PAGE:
Walk - Perran Sands - Perranporth
Walk information provided with help from Natural England. Map reproduced by permission of Ordnance Survey on behalf of HMSO. © Crown copyright and database right 2020. Ordnance Survey Licence number 100022021.
- From the Reception in Perran Sands Holiday Park take the path towards the beach, passing the car park on your left. Head through Chy-An-Mor (Cornish for House of the Sea) until you meet up with the South West Coast Path.
- Turn left to walk through the dunes to the path inland near the end of the beach. Alternatively, instead of walking through the dunes, carry on down to the beach and turn left to walk along the sand.
Penhale Dunes are Britain's highest sand dunes, 90m above sea level, and at 650 hectares, Cornwall's largest dune system. They are thought to have been formed over 5000 years ago, when changing sea levels changed caused sand to build up on a rocky plateau.
The dunes here are a what is known as a 'hindshore system': a dune system which develops above a beach with a good supply of sediment, exposed to strong onshore winds strong enough to drive large quantities of sand onto the land in huge arcs or ridges until they become stabilised, often some distance from the sea.
At Penhale these winds are strong enough to blow sand onto the higher ground behind the dune system, leading to unusual communities of plants and insects.
The passage of these waves of sand can leave behind areas that have been eroded to the water table, leading to the development of extensive dune slacks which are seasonally flooded and low in nutrients. The whole area is a Site of Special Scientific Interest for its wildlife, and is a candidate Special Conservation Area (it has been submitted to the European Commission, but has yet to be formally adopted).
To the north of the dunes there are well-protected humid dune slacks with interesting plant communities growing in these marshy areas and pools: scented meadowsweet and water mint, as well as greater willowherb and water horsetail.
The drier slacks have short turf kept well-grazed by rabbits and ponies. Plants supported by the thin soil and of especial note here are shore dock, petalwort and early gentian. Pyramidal orchids also thrive, as do silverweed and common centuary. Elsewhere there are sedge and fern-dominated communities, and scrambled egg lichen.
Sparrowhawks and peregrine falcons hunt overhead, and skylarks hover, singing their chirruping song high above. Wheatears and stonechats sing from the gorse and thorn bushes, while sanderlings and golden plovers thrive on the abundant supplies of insects.
Butterflies also flourish: look out for the silver-studded blue, the small copper and the brown argus. Of especial note is the grizzled skipper, a rare butterfly found in only two colonies in Cornwall.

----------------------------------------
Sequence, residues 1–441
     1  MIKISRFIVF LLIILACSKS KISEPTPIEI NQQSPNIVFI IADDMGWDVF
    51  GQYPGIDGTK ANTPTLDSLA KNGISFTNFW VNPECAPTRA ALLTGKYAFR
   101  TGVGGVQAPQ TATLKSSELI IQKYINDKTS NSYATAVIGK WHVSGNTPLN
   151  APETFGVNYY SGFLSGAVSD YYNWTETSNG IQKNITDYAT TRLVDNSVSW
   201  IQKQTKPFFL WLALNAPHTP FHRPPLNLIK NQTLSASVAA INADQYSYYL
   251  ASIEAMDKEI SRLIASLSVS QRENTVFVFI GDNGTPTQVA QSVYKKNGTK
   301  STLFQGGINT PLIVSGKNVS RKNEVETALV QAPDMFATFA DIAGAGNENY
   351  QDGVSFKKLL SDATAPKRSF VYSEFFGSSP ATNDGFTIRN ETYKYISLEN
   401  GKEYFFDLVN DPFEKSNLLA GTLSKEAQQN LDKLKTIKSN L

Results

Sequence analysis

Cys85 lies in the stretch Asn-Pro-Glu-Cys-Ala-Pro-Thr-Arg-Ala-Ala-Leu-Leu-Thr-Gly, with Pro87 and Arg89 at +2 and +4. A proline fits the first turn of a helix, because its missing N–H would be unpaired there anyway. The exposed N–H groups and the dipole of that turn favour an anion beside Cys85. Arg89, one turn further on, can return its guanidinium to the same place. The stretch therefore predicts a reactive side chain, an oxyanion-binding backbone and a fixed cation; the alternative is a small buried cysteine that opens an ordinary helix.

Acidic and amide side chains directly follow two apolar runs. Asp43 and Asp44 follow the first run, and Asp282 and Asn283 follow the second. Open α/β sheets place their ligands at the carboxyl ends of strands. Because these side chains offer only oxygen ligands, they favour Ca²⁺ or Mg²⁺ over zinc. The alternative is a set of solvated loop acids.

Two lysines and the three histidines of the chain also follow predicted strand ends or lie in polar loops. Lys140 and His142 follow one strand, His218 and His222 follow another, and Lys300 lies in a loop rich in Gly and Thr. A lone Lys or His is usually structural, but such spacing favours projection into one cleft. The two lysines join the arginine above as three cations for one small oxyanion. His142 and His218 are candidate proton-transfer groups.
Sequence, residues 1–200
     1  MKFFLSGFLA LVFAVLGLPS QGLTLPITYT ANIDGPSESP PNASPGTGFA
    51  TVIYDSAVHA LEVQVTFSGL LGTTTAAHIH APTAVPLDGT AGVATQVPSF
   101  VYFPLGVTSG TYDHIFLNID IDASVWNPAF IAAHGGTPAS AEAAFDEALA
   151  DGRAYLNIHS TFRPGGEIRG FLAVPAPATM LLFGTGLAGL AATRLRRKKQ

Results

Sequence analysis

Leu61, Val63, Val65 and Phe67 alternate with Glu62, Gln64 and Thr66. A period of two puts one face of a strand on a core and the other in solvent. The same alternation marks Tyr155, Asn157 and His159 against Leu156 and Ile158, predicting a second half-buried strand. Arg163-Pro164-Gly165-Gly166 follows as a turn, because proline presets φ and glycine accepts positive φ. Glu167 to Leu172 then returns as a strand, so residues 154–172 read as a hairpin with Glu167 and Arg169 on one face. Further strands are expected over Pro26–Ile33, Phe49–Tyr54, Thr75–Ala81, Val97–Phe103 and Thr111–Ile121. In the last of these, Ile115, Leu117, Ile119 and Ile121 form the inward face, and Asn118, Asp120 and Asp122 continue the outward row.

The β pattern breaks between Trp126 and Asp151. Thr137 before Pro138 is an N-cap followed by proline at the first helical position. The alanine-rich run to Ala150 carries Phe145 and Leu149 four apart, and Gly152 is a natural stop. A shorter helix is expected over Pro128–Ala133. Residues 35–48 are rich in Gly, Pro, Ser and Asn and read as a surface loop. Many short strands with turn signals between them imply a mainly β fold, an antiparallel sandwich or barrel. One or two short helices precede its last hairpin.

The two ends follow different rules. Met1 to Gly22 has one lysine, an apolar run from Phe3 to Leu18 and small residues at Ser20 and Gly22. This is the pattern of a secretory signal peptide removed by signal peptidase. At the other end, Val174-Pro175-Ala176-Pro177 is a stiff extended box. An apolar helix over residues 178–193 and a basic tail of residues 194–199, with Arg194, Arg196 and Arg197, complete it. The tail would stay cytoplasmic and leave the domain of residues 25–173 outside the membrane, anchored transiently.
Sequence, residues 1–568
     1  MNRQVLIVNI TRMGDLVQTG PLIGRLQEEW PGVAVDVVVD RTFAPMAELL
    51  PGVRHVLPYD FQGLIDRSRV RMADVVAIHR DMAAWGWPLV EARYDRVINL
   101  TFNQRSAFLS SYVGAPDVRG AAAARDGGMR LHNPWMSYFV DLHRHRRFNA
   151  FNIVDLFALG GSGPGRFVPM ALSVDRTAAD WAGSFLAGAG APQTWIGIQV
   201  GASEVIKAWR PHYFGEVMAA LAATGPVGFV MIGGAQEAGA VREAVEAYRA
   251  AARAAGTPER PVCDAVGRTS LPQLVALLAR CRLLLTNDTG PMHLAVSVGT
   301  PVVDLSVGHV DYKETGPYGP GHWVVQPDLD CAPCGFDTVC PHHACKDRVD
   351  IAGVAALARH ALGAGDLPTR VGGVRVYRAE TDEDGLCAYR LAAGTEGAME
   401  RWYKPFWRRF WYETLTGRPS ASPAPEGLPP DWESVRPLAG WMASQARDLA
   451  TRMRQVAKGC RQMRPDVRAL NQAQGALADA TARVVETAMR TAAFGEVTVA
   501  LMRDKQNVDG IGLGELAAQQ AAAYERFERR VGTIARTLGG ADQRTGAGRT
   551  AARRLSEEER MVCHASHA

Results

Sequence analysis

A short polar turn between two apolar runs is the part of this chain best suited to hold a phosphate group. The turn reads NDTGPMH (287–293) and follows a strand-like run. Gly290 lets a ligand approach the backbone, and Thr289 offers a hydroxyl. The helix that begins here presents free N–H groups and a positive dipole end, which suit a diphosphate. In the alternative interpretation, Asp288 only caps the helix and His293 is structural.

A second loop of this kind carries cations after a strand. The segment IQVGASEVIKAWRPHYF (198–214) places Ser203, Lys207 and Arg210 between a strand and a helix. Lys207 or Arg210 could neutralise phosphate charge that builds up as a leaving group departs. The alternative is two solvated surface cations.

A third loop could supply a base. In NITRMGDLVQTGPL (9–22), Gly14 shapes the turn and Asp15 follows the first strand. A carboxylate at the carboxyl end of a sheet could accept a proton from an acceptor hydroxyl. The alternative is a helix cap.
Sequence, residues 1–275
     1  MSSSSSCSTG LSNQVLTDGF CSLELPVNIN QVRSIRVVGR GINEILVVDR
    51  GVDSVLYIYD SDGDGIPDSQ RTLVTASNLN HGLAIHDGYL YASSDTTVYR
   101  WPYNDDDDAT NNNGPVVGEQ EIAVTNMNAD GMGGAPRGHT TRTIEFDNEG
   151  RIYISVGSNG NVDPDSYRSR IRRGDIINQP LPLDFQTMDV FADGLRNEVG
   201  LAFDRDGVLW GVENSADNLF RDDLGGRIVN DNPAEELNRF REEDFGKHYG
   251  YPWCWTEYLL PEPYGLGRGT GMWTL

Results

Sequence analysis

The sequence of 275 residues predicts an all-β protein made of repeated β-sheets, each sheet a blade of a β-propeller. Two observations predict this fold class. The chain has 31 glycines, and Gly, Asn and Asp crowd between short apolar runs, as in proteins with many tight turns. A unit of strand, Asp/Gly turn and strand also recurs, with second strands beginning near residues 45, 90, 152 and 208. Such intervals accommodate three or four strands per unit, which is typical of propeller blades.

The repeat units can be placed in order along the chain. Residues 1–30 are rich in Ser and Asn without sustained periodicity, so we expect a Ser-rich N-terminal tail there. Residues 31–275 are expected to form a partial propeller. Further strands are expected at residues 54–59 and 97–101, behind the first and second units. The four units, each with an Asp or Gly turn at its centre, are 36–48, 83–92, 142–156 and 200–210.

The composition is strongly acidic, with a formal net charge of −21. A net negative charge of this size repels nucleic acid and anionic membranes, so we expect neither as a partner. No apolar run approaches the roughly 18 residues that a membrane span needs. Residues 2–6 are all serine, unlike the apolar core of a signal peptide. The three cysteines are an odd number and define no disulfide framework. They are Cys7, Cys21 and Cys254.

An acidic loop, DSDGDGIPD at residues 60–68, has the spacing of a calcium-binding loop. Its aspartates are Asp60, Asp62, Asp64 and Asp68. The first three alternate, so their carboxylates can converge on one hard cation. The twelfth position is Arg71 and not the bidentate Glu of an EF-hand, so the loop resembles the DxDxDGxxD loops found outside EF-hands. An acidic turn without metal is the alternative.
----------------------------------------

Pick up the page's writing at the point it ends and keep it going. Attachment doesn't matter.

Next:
The rock formation ahead, below the cliff as you approach Perranporth, is Chapel Rock. Although some of the chapel was still visible in the seventeenth century, most of it has been eroded by the sea.
In front of you can be seen the coastline leading to Cligga Head. To the right of Chapel rock is Droskyn Point. The Millennium sundial is located on the point of the Droskyn mine overlooking Perran Bay. The dial shows 'Cornish times' which are 20 minutes behind GMT. Then Shag Rock can be seen and behind it before the coastline turns southwards Cligga Head.
As well as tin, the mines at Cligga Head produced tungsten, used in World War II for armour-plating and armour-piercing shells. The conical mesh caps over the mine workings here are known as 'bat castles'. They are designed to prevent people from falling into the old shafts while still allowing access to the colonies of bats living here, including the rare greater horseshoe bat.
- Keeping to the left of Chapel Rock, cross the beach. Don't get your feet too wet in the river. Explore the village of Perranporth.
Perranporth's name is Cornish for Saint Piran's cove (Saint Piran is one of the patron saints of Cornwall). It is believed that Saint Piran founded a church at Perranzabuloe near Perranporth in the seventh century. Buried under sand for many centuries, it was unearthed early in the twentieth century, but again left to the mercy of the sands in the 1970s.
Perran Beach, extends northwest from the town for nearly 2 miles to Ligger Point. There are lifeguard beach patrols from May to September and the beach is generally safe for bathing although there are dangerous rip currents around Chapel Rock at ebb tides.
The author Winston Graham lived in Perranporth for many years. His Poldark novels are based on the area).
In past times the weather and sea claimed many vessels. The remains of the clipper ship La Seine can still be seen at low spring tides. Alma House was built using timbers from the wreck of that name and Hanover Close was named after another local wreck. When the sailing ship Voorspoed was wrecked on the beach the captain commented: - "I have been wrecked in different parts of the world, even the Fiji islands, but never amongst savages such as those of Perranporth".
- Having explored and enjoyed the village of Perrnaporth retrace your steps on the South West Coast Path. The path turns inland before Cotty's Point.
- Turn right onto the footpath and follow it through Perranporth golf course to the main road at Tollgate.
- When you reach Tollgate Road you will see the entrance to Perran sands Holiday Park. Turn left onto the path back into Perran Sands.